The Beaver (Blu-ray)

Mel Gibson talking through a beaver puppet with a Cockney accent does not sound like the recipe for success.  And in the sense of moneymaking, no, THE BEAVER was not a success.  However, that is just about the only area the film does fail because Jodie Foster directed a smart, touching film about depression and family with the help from some incredible acting by Mr. Gibson.

Mel Gibson in The Beaver

Mel plays Walter Black, a man floating through life in a deep state of depression.  His wife Meredith, wonderfully played by Foster, tries her best to be supportive but siding on the air of caution for their two children – little Henry (Riley Thomas Stewart) who wants to be invisible and Porter (Anton Yelchin) a senior in high school who has a knack for writing papers in the voice of whoever pays him.  After Walter’s failed suicide attempt he is awakened to his problem in a very strange way by speaking through a puppet beaver that he refuses to remove from his left hand.

Riley Thomas Stewart, Jodie Foster in The Beaver

Clearly, how to handle the puppet was the trickiest tactic on hand.  Choosing when to show just the puppet or just Mel in order to optimize the most dramatic effect with a tinge of humor is a nearly impossible feat that Foster pulls off perfectly.  The key is to basically always show them both in the scene at all times.  The purpose is not to be a ventriloquist act, which is not ever even attempted, nor to be comedic.  The story is about a lost, depressed man trying to find a way back to his family by any means necessary.  It is important that the audience never thinks of the puppet as a character either.  In fact, we embrace Walter more as we see him finally begin to connect with his family through this stuffed extension of himself.  The only time the Beaver gets a little more solo screen time is toward the end when Walter begins to lose himself more.  The camera work keeping both characters in shot or not is like a well-choreographed dance that is carried out with natural movement by Mr. Gibson and Ms. Foster.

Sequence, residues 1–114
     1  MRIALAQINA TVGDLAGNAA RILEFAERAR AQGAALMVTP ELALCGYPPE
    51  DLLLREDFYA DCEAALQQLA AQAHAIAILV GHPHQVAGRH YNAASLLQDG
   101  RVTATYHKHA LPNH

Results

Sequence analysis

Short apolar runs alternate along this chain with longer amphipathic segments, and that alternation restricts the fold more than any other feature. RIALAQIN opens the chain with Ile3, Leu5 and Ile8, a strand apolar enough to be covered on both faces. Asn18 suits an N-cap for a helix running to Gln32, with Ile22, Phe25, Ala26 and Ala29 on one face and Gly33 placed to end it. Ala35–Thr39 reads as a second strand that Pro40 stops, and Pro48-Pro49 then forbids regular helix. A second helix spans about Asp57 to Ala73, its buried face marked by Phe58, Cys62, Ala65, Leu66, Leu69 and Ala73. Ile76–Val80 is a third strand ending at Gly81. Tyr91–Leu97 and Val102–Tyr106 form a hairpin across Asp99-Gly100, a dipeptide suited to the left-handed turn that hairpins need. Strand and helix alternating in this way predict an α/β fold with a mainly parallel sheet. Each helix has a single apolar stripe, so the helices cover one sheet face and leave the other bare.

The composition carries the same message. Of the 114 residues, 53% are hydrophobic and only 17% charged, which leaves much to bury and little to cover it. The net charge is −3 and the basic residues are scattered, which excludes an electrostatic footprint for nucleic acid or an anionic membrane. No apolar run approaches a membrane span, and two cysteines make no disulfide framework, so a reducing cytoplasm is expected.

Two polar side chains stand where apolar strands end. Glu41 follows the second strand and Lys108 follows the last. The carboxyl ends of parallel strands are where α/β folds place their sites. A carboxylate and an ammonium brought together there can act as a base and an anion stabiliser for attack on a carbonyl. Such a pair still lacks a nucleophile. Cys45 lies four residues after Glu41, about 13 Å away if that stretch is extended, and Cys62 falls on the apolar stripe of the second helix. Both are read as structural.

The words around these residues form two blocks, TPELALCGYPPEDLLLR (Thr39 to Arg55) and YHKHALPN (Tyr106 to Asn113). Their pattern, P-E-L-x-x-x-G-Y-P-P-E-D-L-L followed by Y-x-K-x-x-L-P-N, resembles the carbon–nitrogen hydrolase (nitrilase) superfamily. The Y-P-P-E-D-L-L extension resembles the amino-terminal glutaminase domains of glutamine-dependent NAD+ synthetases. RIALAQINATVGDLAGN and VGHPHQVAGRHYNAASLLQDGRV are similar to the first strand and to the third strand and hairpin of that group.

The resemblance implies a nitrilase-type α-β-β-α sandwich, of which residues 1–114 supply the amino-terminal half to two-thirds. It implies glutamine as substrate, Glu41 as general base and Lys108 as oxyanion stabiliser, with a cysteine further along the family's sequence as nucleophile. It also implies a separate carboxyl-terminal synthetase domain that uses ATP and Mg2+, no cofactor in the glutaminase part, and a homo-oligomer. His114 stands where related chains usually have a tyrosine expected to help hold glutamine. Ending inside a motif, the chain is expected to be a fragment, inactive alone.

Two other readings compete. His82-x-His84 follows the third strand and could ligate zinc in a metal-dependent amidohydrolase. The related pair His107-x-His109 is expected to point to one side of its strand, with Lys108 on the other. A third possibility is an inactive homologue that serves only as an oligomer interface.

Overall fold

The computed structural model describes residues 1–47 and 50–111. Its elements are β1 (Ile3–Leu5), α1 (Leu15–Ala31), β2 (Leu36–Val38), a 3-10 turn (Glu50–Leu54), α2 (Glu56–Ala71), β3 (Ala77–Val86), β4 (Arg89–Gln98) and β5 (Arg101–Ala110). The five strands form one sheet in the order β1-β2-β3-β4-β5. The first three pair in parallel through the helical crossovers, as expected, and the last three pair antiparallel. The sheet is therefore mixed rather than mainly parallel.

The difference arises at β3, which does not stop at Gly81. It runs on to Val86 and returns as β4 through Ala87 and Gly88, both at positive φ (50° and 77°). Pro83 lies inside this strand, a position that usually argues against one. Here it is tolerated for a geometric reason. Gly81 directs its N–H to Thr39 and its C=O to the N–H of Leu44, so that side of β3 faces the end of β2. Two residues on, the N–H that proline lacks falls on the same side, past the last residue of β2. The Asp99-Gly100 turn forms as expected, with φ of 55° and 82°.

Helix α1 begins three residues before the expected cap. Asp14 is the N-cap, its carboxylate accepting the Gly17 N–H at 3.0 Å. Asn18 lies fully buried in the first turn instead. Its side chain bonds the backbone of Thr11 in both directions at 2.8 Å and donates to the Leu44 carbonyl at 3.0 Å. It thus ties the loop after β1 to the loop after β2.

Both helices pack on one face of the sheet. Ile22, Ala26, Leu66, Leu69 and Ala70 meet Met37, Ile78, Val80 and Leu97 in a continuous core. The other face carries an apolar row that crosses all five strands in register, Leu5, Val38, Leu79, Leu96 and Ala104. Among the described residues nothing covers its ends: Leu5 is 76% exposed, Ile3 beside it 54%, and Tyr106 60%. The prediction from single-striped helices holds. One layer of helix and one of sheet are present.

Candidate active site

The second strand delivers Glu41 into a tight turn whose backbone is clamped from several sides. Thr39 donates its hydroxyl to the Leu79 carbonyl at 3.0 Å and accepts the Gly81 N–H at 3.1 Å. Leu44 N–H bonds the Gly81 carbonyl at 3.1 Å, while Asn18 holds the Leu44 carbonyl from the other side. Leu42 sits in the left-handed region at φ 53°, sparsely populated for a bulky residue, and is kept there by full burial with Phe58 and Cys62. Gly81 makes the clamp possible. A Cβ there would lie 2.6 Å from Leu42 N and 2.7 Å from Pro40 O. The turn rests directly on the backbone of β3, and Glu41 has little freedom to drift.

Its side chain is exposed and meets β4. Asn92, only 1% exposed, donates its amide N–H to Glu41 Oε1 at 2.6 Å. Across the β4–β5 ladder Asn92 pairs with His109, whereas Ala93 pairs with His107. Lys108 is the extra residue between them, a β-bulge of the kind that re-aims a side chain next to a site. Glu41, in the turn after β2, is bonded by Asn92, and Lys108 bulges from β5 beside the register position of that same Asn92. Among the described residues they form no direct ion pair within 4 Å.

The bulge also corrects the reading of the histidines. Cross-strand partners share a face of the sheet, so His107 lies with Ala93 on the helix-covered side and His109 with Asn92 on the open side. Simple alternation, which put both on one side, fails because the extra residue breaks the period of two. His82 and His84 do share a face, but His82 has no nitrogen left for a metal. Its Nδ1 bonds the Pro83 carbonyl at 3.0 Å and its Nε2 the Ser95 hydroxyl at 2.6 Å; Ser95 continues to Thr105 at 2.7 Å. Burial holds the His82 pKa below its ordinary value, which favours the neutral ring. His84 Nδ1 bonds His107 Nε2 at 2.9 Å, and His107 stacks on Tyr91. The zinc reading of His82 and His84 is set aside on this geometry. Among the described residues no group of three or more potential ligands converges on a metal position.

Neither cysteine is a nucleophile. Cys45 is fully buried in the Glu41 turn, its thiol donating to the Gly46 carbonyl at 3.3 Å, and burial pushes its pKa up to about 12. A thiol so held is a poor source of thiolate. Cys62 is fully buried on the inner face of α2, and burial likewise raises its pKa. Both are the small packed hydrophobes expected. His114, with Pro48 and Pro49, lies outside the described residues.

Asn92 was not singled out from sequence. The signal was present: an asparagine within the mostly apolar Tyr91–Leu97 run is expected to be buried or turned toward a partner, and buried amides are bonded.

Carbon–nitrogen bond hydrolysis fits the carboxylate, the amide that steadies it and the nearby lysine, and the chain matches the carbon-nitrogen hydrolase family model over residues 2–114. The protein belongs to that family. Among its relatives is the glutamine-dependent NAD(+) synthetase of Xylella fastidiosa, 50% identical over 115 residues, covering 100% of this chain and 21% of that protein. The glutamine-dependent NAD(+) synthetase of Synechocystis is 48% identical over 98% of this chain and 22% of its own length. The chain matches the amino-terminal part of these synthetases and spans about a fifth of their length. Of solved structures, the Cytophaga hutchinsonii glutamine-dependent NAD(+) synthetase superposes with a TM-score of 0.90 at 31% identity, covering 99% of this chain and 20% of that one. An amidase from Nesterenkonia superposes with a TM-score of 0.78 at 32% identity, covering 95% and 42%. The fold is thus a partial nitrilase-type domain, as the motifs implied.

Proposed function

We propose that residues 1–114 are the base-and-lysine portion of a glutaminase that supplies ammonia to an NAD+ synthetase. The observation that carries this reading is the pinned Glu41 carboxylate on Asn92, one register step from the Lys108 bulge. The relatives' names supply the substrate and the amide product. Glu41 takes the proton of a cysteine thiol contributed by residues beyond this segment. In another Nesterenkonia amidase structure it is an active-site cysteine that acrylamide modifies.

Anton Yelchin, Mel Gibson in The Beaver

While Foster’s direction is spot on, the film still would not work without the subtly emotional performance by Mel Gibson.  Usually a prankster and funny man on set and some past very public anger issues off set, Gibson goes against type by pulling off a sad, sick man with a dry, self-deprecating sense of humor.  His character is so great because of his self-awareness of not only his problem but also his perceived perception from others.  Few actors, if any, could walk the line that Gibson does in this film and still come off believable and likable.

Jennifer Lawrence, Anton Yelchin in The Beaver

The parallels between Walter and his sons are an interesting observation that was necessary to show how depression affects the ones you love.  Henry is young and can bounce back easier when Walter tries to turn things around.  However, Porter is a tougher sell as he has made a meticulous list of similarities between his father and him that he would like to stop – a sort of “not to do list.”  Like Walter seems to be awakened by the beaver so is Porter by his relationship with the cool girl at school played by Jennifer Lawrence (WINTER’S BONE, X-MEN: FIRST CLASS and next year’s THE HUNGER GAMES).  While I like their subplot, I found their conclusion to be the weakest part of the film.  I think a few tweaks could have tightened some of that story so it didn’t feel so forced.  In fact, I felt that the ending overall lost some energy.  It wasn’t terrible but it didn’t have the emotional punch that the rest of the film had.

Jodie Foster, Mel Gibson in The Beaver

To say THE BEAVER was a tricky film to pull of is an obvious understatement.  There is a very thin line of becoming so silly and cheesy that no one could possibly take it seriously.  On paper it’s a film that no filmmaker or studio in his or her right mind would want to touch with a ten-foot log.  Thankfully, with the help of a brilliant performance by Mel Gibson, Jodi Foster tackles the project with care and precision.


Video: (1080p High Definition 16×9 2.40:1) A great looking picture with a crisp visual image.

Audio: (DTS-HD Master Audio 5.1) The dialogue and score are blended clearly with perfect volume.  I really enjoyed the music.

Commentary by Director Jodie Foster:  Foster gives an exquisitely technical and emotional commentary behind the film.  She discusses her choices and the actor’s choices in a way that helps understand the wisdom behind film better.  She has spells of quietness but overall is a pretty good listen.

Deleted Scenes (4:52):  Two scenes with optional commentary from Jodie Foster.  She is correct in her assessments of why they shouldn’t and didn’t belong.

Everything Is Going To Be OK (12:06):  Interviews with Jodie Foster, Mel Gibson, Anton Yelchin and Jennifer Lawrence discussing the film and characters.


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